YOU CAN GET A GRIP ON TEST STRESS
Ben Bernstein, PhD
As a performance coach, I work with college students to improve their test scores. Here are the three most common issues I see. Jake, a sophomore about to take his history final, is a bundle of nerves. “I’m so anxious,” he says. His voice shakes and his shoulders are hiked up around his ears. Sienna, a freshman about to give her first major oral presentation, sighs, “I’m not as smart as the other students.” Stephen, a senior, is studying for his comprehensives this spring. “I’m not getting anywhere,” he says, “I keep checking e-mails and texting everyone.” Are these students suffering from anxiety, depression, or ADHD? Once I start working with them, I discover the answer is “none of the above.” Jake needs to calm down. Sienna needs to regain her confidence. And Stephen needs to learn to focus. The foundation for test success is being calm, confident, and focused.
You may well ask, “But doesn’t a good test score depend on knowing the material?” Of course it does. But knowing the content is not enough. You have to deliver it at test time. If you’re tense, filled with self-doubt, or distracted, you won’t perform at your best.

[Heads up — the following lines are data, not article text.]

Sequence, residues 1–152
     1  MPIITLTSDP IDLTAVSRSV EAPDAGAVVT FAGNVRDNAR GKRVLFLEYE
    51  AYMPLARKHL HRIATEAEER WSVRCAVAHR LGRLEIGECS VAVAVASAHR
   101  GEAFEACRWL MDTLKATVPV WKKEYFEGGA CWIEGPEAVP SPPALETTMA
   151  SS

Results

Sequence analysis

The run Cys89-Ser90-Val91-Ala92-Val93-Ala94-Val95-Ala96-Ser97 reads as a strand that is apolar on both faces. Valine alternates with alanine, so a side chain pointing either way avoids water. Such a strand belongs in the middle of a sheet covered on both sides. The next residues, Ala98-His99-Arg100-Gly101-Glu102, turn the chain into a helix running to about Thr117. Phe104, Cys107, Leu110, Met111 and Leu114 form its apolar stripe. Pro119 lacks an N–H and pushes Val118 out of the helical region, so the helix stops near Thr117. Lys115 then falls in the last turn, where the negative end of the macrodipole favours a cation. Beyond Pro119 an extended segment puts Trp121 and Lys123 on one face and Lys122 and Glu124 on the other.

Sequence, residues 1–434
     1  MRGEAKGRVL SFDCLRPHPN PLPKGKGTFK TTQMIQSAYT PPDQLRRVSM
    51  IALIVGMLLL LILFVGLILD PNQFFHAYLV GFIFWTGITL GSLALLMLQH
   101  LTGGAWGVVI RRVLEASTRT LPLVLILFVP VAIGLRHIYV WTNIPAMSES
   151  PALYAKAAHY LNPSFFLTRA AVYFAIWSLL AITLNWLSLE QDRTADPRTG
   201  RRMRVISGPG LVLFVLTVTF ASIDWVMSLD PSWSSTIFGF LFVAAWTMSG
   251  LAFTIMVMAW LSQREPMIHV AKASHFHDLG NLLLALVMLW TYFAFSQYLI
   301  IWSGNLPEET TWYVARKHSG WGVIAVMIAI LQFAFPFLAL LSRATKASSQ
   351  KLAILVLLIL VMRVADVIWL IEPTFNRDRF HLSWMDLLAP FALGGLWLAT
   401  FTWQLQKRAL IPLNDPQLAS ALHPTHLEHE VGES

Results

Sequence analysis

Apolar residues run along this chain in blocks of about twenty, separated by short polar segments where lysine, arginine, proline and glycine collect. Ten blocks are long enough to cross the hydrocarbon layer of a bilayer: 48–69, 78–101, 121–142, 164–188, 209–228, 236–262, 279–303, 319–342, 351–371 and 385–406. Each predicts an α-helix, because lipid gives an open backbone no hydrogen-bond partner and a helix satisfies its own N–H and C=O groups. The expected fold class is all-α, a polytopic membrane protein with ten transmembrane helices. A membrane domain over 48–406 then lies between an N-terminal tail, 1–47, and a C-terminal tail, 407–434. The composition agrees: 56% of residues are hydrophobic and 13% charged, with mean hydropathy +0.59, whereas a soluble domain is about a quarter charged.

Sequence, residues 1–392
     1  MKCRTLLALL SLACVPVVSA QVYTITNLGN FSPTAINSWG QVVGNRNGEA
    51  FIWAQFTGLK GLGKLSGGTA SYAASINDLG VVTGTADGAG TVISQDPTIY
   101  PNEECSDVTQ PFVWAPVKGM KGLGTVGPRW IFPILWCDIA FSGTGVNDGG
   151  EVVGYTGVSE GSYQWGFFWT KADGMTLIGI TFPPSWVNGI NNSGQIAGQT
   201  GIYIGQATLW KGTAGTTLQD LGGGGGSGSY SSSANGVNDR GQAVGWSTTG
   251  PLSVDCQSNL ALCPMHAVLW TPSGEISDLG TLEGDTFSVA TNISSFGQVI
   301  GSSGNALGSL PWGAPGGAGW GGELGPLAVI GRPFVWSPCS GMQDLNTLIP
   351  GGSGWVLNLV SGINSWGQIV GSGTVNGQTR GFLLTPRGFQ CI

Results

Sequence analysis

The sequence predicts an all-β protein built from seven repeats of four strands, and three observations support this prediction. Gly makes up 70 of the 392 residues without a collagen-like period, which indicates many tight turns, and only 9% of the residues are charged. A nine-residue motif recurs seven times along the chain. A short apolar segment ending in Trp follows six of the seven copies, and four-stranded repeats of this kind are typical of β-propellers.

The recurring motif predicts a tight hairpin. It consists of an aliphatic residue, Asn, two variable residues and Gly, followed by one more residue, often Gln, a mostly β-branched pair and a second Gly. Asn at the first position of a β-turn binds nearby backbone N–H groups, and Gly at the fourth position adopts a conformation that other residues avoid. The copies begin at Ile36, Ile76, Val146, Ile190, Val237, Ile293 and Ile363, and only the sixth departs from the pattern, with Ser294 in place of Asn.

Do a quick self-diagnosis. As you study for a test or take one, do your legs bob up and down, is your breath short, do you clench your jaw? If so, you need tools to calm yourself down. When you’re staring at a tough test question, do you start thinking negatively about yourself? Is your mind filled with “I can’t handle this!” or “I’m going to fail”? If so, you need tools to keep your confidence strong. When you’re studying for a test or taking the test itself, are you thinking about the other students, or what you’re going to eat for dinner? These are signs that you need to learn how to stay focused.
When I work with students, I always show them a three-legged stool. This is a very sturdy, dependable platform when all three legs are equally strong. The three legs stand for being calm, remaining confident, and staying focused. But if one gives out you’re going to have trouble. Any athlete who is playing his or her A-game is said to be in “the zone.” That’s a state a non athlete could never attain, right? I say, not so. Being in the zone is none other than being calm, confident, and focused. Anybody can get there. It’s just that we don’t teach this stuff in schools.
To train yourself, the first step is to become aware when you’re physically tense, when you are feeling negative about yourself, or when your attention starts wandering. Without awareness you’re going to be locked in the same old habits. If you want to improve your test performance-and who doesn’t?-start observing when one of the three legs of the stool starts slipping. Then you can use the right tools to get back on track. It’s not rocket science. Based on thirty years of coaching college students to improve their performance, you can get a grip on stress.
Ben Bernstein, PhD, is a clinical psychologist and performance coach, He is the author of Test Success! How to Be Calm, Confident and Focused on Any Test (Spark Avenue Publishing, 2012). www.testsuccesscoach.com.